Driver’s Education

In 1974, Coach Henderson taught the Driver’s Education course at Cherokee High School in Canton, Georgia. Perhaps he possessed a first name, but we all called him “Coach.”

Driver EdHis real job was managing the football team’s offensive line. During the school day, however, he also taught teenagers how to drive. Fortunately, he was better at the latter than the former since the Warriors went 2-8 that year.

Students spent time in the classroom before graduating to an actual automobile. We learned the rules of the road and traffic signs in preparation for the driving exam. Decades before computer simulators, novice drivers practiced in mock-ups of car interiors. A battery of tests checked visual and aural acuity.

The local Ford dealership in Canton supplied the school with a fleet of cars. Coach Henderson would pile four students in the car, and off we would go. Little wonder that the hair he had not already pulled out turned prematurely grey.

I learned many valuable lessons in Driver’s Education. Most primarily pertained to operating a motor vehicle; however, a few lessons possessed a wider life application. I didn’t learn everything I needed to know in Driver’s Ed, but some of the lessons have continued to inform me over the years.

Coach Henderson always stressed keeping one’s eyes on the road. Over and again he would recite: “The car will go wherever you look.” This dictum applies both on and off the road. Vision determines life’s direction. Fixing one’s sight on a higher goal guarantees personal growth. Glance to the side and you can end up in a ditch. Look backwards too long and no progress is made at all.

Another Henderson adage warned: “Where there is a ball, there is a boy.” If a ball bounces into the street, then a child is almost always in close pursuit. Several times I have slammed on the brakes moments before I actually saw a child darting out into the road. The coach’s advice has saved more than a few lives over the years. If we pay attention, most trouble can be avoided before it begins.

When in danger, Coach Henderson drummed into our heads: “Use your brakes AND your steering wheel.” Most drivers react to danger by locking down the brakes. Following Newton’s Law of Inertia, however, cars in motion tend to stay in motion. Even in an era of antilock systems, braking alone is not always enough. Coach taught us that many accidents can be avoided by steering around the obstacle. His words have saved me on more than one occasion. If you’re headed for a collision in life, consider taking a new direction.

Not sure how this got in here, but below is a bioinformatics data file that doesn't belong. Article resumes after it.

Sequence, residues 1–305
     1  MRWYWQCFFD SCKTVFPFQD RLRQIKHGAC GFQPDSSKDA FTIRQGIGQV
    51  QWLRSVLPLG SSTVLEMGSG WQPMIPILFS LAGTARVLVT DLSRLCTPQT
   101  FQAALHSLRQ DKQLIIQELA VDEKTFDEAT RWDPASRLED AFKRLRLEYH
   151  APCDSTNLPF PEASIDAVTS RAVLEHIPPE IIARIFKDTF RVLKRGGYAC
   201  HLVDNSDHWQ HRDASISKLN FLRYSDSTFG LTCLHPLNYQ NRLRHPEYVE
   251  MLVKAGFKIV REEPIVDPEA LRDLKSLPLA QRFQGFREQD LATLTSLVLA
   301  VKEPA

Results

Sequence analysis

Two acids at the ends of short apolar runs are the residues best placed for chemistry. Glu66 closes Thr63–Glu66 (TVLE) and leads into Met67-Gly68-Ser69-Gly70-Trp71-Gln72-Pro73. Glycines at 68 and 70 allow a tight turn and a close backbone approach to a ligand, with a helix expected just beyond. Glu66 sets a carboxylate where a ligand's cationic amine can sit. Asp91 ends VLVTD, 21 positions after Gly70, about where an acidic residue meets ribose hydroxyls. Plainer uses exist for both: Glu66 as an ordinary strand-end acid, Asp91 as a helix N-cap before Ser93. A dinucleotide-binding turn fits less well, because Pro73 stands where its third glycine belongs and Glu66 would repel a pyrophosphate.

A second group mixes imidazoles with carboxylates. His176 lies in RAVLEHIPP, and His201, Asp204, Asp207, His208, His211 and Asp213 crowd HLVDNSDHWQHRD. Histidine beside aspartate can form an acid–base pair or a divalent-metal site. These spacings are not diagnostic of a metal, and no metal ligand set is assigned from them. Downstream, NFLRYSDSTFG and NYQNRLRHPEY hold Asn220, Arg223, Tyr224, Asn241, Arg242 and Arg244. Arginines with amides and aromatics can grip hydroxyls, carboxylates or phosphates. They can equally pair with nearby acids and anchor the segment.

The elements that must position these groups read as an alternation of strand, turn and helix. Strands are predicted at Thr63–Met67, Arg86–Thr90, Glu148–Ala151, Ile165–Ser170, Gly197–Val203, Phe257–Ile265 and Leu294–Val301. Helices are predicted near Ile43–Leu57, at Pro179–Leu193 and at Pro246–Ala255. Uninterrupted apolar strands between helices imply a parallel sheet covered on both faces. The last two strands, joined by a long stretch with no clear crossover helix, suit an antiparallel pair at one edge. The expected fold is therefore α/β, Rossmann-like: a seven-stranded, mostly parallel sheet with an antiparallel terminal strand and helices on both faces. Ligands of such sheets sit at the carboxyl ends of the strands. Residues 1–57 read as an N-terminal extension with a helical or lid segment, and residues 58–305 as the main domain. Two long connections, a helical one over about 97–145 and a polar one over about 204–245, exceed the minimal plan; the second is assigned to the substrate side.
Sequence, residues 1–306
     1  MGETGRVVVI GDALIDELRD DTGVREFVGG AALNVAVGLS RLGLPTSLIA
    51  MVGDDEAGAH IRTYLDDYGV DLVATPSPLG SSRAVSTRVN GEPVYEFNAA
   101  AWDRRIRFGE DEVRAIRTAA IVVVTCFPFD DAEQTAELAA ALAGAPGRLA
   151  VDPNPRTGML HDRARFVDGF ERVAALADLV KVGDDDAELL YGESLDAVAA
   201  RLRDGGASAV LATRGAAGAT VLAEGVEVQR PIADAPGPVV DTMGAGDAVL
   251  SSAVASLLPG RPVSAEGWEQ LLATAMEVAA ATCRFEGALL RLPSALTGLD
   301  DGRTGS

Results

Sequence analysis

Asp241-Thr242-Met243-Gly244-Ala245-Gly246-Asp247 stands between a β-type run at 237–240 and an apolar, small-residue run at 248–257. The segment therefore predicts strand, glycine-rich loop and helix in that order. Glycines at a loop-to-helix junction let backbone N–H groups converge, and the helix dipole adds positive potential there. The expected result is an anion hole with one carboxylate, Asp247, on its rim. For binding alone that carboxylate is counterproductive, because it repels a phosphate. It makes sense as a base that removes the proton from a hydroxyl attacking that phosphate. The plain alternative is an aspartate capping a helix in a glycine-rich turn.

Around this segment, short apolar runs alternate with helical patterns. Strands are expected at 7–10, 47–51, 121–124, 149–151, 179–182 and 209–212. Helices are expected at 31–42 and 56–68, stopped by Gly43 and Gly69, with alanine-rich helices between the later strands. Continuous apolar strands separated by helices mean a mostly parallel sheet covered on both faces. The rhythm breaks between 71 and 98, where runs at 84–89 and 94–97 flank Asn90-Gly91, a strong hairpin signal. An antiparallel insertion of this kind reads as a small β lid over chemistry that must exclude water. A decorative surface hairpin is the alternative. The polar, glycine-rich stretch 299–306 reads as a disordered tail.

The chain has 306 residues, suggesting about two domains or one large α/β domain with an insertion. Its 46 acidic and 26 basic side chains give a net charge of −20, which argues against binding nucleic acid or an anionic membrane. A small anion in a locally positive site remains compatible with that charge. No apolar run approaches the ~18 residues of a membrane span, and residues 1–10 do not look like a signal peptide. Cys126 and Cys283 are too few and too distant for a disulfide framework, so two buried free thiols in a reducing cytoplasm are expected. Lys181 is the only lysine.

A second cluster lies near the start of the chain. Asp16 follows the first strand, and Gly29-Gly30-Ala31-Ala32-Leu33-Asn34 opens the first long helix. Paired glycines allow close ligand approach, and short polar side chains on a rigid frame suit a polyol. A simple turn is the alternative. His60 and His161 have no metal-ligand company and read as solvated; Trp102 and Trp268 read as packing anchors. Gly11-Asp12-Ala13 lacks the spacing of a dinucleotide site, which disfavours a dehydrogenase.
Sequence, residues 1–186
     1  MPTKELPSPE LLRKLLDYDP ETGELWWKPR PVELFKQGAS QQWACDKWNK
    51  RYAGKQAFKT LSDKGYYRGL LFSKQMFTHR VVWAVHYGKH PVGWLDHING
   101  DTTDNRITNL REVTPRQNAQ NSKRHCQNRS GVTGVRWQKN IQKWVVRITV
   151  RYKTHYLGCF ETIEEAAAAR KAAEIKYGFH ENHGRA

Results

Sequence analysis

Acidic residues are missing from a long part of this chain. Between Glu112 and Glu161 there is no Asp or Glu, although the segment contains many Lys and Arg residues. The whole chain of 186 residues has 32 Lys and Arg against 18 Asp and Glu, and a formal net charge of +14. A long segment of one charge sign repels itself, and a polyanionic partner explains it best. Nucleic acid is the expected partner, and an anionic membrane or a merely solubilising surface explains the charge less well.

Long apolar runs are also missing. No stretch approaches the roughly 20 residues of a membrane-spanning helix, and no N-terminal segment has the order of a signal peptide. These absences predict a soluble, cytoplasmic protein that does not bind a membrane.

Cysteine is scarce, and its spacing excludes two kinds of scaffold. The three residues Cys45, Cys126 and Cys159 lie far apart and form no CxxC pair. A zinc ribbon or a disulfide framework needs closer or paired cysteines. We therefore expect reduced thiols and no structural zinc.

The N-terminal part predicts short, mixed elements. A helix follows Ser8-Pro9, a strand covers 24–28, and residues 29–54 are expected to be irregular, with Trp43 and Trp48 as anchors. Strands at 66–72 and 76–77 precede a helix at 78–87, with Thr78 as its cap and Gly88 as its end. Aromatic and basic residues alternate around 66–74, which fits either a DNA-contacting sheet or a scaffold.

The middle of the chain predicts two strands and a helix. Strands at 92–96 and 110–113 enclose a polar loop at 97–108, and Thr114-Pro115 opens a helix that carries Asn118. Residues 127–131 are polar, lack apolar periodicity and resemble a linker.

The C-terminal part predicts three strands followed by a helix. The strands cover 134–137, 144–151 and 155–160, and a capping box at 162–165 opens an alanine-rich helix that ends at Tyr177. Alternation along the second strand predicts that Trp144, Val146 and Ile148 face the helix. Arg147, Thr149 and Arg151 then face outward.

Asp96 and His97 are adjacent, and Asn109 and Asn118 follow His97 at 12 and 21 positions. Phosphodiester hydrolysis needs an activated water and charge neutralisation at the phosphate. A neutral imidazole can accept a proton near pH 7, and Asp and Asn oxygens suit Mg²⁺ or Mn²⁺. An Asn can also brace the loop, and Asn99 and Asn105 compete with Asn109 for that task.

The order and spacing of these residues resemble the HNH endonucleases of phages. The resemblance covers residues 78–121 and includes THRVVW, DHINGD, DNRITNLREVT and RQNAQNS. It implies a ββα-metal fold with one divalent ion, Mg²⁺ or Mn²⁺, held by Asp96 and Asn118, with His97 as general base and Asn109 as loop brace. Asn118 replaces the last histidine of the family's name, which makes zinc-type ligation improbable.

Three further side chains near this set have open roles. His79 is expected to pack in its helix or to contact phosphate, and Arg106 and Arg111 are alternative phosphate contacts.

Coach Henderson taught us that defensive drivers look a long distance down the road. Both rookies and pros make the mistake of focusing on the car immediately in front of them. At highway speeds, however, reactions occur in split seconds. Good drivers anticipate situations by glancing further down the road. Cultivating a greater perspective is always a good idea.

Teenage drivers think they know it all; and I was no exception. I did not appreciate the lessons Coach Henderson taught our class forty-some-odd years ago. However, these basic rules continue to inform my driving and life.

  • Watch where you’re going.
  • Most accidents can be avoided.
  • Consider a new direction.
  • Maintain your perspective.

Oh, and don’t forget to enjoy the ride!

4 thoughts on “Driver’s Education

  1. I still have nightmares about the football player in the backseat who reached over and moved the gear shift without warning……that was a difficult day of driver’s Ed! Thanks for memories……!


  2. I still remember something my Daddy said when he was trying to teach me to drive: “Never forget, he who drives the biggest truck always wins.” (I think about that whenever a big vehicle wants to cut in front of me and, I let them.)


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